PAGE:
Post COVID-19: New breakthroughs and the future of behavioural research data collection




Post COVID-19, research, breakthrough, Data collection, connectivism learning theory


Behavioural researchers have been faced with challenges associated with the choice of data collection methods that is timely and cost-effective for all situations. Several studies have examined various means of collecting data while some electronic means of data collection have been explored. However, there is a need for a study that compares the conventional and contemporary data collection methods in terms of profile, perceptions and prospects. Therefore, this study examined the new breakthroughs and the future of behavioural research data collection in post COVID-19 era. The study is underpinned by connectivism learning theory within ex-post facto design with a sample of one hundred and twenty-six (126) behavioural science researchers. Post COVID-19 Data Collection Methods Scale-Forms App (r=0.86) was used, and the data collected were analysed using frequency count and t-test. The findings showed that there were more users of breakthrough methods 47 (37.3%) than conventional 39 (30.9%) and mixed method 40 (31.7%). Conventional methods were less available than new breakthrough methods. There is a significant difference in the perception, challenges and prospects of the conventional and breakthroughs in behavioural research data collection methods, all in favour of new breakthroughs. It is, therefore, recommended that behavioural researchers, as well as other researchers, avail themselves of the opportunities offered by the new breakthrough to advance their research endeavours in post COVID-19 era.


Esteban Jr, A. M., & Cruz, M. J. P. (2021). Digital divide in times of pandemic among teacher education students. Open Access Library Journal, 8(4), 1-12.

Alimin, E. (2020). Breakthrough Method. Indonesia.

Anderson, C., Thea, and Renieris, E. M. (2020). Data protection and digital infrastructure before, during and after a pandemic. Omidyar Network.

Apuke, O. D. (2017). Quantitative research methods: A synopsis approach. Kuwait Chapter of Arabian Journal of Business and Management Review, 33(5471), 1-8.

Bayyan Sr, A. F. (2016). One-to-one mobile technology and standardized testing: A quantitative ex post facto study (Doctoral dissertation, University of Phoenix).

Bell, F. (2011). Connectivism: Its place in theory-informed research and innovation in technology-enabled learning. International Review of Research in Open and Distributed Learning, 12(3), 98-118.

Cozby, P. C., & Bates, S. C. (2018). Methods in behavioural research. MCGraw-Hill Education.

Cristobal-Fransi, E., Montegut-Salla, Y., Ferrer-Rosell, B., & Daries, N. (2020). Rural cooperatives in the digital age: An analysis of the Internet presence and degree of maturity of agri-food cooperatives'e-commerce. Journal of Rural Studies, 74, 55-66.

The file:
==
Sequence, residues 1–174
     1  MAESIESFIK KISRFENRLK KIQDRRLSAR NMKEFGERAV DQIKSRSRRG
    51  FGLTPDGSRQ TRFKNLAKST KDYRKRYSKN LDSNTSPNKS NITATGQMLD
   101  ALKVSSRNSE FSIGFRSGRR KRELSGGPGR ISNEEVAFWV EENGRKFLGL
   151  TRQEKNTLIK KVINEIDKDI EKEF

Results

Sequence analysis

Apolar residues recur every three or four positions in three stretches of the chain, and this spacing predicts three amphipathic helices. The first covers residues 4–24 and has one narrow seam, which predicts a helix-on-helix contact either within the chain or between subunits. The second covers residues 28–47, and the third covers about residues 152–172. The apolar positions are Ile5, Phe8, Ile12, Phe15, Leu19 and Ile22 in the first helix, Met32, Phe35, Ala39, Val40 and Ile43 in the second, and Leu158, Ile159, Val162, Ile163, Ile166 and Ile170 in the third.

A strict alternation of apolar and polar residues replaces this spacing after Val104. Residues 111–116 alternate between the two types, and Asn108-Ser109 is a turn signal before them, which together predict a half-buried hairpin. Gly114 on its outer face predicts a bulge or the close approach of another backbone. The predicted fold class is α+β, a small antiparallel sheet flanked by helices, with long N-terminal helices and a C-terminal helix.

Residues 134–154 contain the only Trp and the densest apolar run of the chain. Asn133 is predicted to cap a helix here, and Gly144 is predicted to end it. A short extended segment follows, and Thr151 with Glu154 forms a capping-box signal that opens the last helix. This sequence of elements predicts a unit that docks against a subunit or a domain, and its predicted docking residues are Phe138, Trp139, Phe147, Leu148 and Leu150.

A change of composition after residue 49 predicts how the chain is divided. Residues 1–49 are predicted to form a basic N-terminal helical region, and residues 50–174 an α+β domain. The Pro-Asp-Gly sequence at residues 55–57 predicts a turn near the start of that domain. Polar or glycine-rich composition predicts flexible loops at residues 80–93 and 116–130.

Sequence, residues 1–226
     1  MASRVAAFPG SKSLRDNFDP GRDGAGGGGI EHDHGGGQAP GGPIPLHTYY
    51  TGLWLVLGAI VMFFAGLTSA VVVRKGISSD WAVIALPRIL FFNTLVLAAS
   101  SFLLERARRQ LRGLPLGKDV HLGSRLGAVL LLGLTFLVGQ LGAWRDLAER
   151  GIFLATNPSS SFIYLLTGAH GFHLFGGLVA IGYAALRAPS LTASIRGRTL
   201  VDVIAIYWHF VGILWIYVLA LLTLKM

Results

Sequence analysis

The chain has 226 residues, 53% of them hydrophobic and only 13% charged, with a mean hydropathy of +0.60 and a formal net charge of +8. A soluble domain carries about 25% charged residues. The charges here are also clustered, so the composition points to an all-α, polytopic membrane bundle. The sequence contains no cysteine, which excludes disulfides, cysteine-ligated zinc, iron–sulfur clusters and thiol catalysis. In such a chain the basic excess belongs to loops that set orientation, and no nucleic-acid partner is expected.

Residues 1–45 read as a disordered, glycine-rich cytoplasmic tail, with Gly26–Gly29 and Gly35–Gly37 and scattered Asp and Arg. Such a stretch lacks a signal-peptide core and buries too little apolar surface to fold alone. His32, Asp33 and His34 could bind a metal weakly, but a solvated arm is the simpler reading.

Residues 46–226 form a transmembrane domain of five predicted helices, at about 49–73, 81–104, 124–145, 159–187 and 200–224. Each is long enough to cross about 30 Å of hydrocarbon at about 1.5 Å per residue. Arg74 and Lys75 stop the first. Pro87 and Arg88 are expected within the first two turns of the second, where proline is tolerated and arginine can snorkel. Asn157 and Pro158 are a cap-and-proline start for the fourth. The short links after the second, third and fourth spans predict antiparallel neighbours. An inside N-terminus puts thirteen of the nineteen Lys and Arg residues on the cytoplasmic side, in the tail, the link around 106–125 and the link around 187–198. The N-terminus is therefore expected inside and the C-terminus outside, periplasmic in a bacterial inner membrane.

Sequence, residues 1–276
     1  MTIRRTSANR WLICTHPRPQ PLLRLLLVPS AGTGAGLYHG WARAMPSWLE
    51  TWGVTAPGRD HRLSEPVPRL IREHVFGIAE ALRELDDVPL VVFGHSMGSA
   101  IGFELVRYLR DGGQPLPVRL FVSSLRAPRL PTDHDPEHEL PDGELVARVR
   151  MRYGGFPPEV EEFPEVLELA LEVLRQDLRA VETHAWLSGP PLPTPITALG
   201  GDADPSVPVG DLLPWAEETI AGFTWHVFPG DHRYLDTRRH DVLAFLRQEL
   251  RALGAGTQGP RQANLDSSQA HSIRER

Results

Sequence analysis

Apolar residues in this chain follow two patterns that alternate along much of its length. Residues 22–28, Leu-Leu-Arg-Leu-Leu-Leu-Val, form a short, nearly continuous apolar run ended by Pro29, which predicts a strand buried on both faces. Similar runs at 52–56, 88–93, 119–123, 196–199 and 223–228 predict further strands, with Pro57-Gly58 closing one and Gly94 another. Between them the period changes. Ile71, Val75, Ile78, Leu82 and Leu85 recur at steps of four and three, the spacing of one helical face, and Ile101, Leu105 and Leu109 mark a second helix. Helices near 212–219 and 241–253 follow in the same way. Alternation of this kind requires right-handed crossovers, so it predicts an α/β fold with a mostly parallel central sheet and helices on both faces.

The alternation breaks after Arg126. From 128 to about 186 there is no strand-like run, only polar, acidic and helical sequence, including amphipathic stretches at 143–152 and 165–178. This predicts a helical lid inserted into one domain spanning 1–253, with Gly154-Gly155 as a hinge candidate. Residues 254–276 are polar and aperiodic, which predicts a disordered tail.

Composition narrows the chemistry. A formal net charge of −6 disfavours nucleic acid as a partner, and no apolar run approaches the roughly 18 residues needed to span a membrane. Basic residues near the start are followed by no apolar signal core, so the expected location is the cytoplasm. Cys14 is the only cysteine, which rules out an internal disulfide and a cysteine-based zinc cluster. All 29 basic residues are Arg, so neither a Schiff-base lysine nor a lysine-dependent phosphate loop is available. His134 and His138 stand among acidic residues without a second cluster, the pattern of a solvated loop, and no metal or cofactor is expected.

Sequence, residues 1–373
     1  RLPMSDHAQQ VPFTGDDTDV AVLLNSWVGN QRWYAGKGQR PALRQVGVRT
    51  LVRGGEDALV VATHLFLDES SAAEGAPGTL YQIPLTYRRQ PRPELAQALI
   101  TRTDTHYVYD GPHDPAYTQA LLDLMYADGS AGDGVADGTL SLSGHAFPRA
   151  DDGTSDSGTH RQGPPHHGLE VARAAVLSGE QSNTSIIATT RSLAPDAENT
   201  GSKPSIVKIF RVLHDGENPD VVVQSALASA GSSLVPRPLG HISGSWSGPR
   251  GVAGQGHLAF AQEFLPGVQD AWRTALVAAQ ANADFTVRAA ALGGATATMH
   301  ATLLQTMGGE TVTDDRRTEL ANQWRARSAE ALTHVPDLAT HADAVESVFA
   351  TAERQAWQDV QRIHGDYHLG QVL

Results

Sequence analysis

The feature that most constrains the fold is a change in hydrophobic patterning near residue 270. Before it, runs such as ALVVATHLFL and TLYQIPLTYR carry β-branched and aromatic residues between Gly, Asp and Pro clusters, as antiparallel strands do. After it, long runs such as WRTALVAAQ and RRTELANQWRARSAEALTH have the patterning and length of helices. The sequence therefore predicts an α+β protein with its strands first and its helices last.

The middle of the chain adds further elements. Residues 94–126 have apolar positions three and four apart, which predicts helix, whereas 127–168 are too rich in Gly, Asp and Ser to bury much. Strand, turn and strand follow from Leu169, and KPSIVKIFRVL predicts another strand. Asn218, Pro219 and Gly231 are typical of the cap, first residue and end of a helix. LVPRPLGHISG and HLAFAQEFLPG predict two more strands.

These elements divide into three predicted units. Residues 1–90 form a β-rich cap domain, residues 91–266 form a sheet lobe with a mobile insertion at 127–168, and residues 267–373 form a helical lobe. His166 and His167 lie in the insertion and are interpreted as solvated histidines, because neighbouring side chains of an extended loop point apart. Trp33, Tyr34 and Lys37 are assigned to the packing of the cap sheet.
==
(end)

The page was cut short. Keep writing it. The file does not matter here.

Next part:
Downes, S. (2010). New technology supporting informal learning. Journal of emerging technologies in web intelligence, 2(1), 27-33.

Duke, B., Harper, G., & Johnston, M. (2013). Connectivism as a digital age learning theory. The International HETL Review, 2013(Special Issue), 4-13.

Jinadu, A. T., & Balogun, R. T. (2020). Assessing adoption of synchronous and asynchronous online learning platforms during covid-19 lockdown in Nigeria. Capecomorin Journal,2(4), 96-99.

Jinadu, A. T., Oyaremi, M. K., & Rufai, M. D. (2021). Assessment of the Oyo state teaching service commission interactive learning platforms during covid_19 lockdown period in Nigeria. Interdisciplinary Journal of Educational Research, 3(1), 37-44.

Johnson, B. (2001). Toward a new classification of nonexperimental quantitative research. Educational researcher, 30(2), 3-13.

Lee, H. (2011). Essentials of Behavioural science research: a first course in research methodology. Lulu RDU CentreNC.

Mackness, J., Mak, S., & Williams, R. (2010, May). The ideals and reality of participating in a MOOC. In Proceedings of the 7th international conference on networked learning (Vol. 10, pp. 266-274).

Morenikeji, W. (2006). Research and analytical methods for social scientists, planners and environmentalists. Jos University Press.

Omodan, B. I. (2020). The Vindication of Decoloniality and the Reality of COVID-19 as an Emergency of Unknown in Rural Universities. International Journal of Sociology of Education. 20, 1-26.

Omodan, B. I. (2022). The Connectedness of Posthumanism as a tool for Sustainable Post-COVID-19 Era. In E. O. Adu, M. Fabunmi & V. Mncube (Eds). Education for Sustainable Development in Post COVID-19. Global Education Network.

Omodan, B. I. (2023). Analysis of connectivism as a tool for posthuman university classrooms. Journal Of Curriculum Studies Research, 5(1), 1-12.

Rapanta, C., Botturi, L., Goodyear, P., Guàrdia, L., & Koole, M. (2020). Online university teaching during and after the Covid-19 crisis: Refocusing teacher presence and learning activity. Postdigital science and education, 2, 923-945.

Schleicher, A. (2020). The impact of COVID-19 on education: insights from education at a glance. OECD Publishing.

Siemens, G. (2004). Elearnspace. Connectivism: A learning theory for the digital age. Elearnspace. org, 14-16.

Siemens, G. (2005). Connectivism: Learning as network-creation. ASTD Learning News, 10(1), 1-28. (2023). What Is Data Collection: Methods, Types, Tools, and Techniques. Data science and business analytics. Free Ebook. Simplilearn Solutions. (2023). Post Covid_19 Data collection methods scale forms app.



How to Cite

Jinadu, A., Akere, O. M., & Balogun, R. T. (2023). Post COVID-19: New breakthroughs and the future of behavioural research data collection. Interdisciplinary Journal of Sociality Studies, 3, 10-18.